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I plan to make the surround slightly wider, with the outer section about as wide as the single brick width next to the door frame.

Oh, I almost forgot. I am going to try to hinge the door in the frame using a strip of tyvek from a mailing bag. It should be tough and flexible and easy to attach. (Famous last words) and I can just paint in ‘hinges’ in the proper place.

Also, the old eyes have graduated to 2.5x reading glasses. Sigh… my old ones were 2x and had glass lenses. I couldn’t find any glass lens readers this round.
 

OldMiner

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I couldn’t resist playing with my hot wire cutter some more. I got this one from Amazon:
(I’m just learning to use it)

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I chose it over the Proxon because of price and the fact that the Proxon is made from plastic. This one is 3/4” plywood. I plan to make a couple of ‘sleds’ that fit in the slots on the sides and clamp down where I want. The pink straw and glue bottle protect the wire when I’m not using the thing. I can’t SEE the wire and ran into it a couple of times with tools and my hands before I added the ‘guards’. I will be making a protector when I build the sleds.

Then I cut a single layer of brick facing and then cut it to face the door section.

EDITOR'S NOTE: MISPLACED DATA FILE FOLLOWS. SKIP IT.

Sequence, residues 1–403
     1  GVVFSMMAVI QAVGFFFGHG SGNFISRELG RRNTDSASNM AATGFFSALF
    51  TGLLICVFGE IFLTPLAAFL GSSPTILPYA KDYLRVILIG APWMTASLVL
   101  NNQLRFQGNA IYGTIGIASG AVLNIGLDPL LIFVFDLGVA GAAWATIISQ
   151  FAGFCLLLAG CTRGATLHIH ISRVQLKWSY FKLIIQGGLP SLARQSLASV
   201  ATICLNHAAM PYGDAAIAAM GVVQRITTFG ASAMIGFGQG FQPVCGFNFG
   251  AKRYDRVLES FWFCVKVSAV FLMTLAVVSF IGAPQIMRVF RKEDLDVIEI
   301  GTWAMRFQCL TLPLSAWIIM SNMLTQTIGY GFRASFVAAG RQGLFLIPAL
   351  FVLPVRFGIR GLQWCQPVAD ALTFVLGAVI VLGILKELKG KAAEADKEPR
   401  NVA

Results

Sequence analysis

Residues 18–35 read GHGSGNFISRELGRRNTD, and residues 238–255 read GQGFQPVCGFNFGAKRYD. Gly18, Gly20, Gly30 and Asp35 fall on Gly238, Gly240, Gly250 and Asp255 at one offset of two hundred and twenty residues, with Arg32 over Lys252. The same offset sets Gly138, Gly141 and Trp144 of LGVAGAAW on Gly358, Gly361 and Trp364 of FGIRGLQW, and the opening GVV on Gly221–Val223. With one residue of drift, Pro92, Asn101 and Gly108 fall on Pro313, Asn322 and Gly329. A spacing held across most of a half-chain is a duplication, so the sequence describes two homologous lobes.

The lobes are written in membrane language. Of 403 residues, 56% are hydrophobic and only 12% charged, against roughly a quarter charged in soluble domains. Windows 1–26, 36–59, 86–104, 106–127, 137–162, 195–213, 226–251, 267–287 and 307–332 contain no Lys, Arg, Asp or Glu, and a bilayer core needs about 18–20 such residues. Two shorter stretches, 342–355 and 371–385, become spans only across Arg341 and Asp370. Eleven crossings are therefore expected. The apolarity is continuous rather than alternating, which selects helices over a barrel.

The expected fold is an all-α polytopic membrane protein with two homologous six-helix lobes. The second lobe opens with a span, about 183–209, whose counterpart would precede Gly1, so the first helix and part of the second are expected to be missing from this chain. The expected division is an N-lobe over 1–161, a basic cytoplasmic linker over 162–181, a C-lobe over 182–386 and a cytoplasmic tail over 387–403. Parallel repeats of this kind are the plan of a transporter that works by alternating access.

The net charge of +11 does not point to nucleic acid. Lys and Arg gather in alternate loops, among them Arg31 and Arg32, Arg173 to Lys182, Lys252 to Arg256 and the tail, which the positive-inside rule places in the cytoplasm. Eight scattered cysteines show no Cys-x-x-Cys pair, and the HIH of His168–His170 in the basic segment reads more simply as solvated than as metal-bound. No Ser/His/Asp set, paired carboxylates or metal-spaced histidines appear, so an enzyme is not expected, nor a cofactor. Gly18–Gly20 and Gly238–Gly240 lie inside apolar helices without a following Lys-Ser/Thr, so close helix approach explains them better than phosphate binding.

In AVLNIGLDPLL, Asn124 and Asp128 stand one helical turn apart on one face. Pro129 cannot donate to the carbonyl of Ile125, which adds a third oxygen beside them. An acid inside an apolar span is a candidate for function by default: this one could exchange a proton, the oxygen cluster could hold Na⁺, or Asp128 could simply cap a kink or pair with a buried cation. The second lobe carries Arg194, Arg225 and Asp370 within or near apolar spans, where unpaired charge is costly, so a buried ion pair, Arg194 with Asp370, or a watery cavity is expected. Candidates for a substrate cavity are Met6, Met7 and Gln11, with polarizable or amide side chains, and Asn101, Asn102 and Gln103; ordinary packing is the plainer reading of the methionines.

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OldMiner

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Jun 13, 2016
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No burns… I turn it off except when cutting, but bumping into it will kill the wire. I haven’t touched it yet while it is on, but I’ve read that a quick touch doesn’t hurt.

So, this is FUN. I’ve been working on the doorway in preparation to making the door. I have the doorway brickwork fitted to the front of the house. It is just sitting there, not fastened. I want to make the entire wood work for the door and stain it to match the door wood before I glue it in place. I will probably not attach the entire assembly to the house right now.

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The little chop saw in the upper right of that pic is a great tool for cutting the little pieces of wood. Much easier on the operator, the wood and the tool than using the snips. I almost ruined my sprue cutter by cutting wood. (it snaps shut so hard while cutting it is damaging the edges and hinge. Cheap pair… )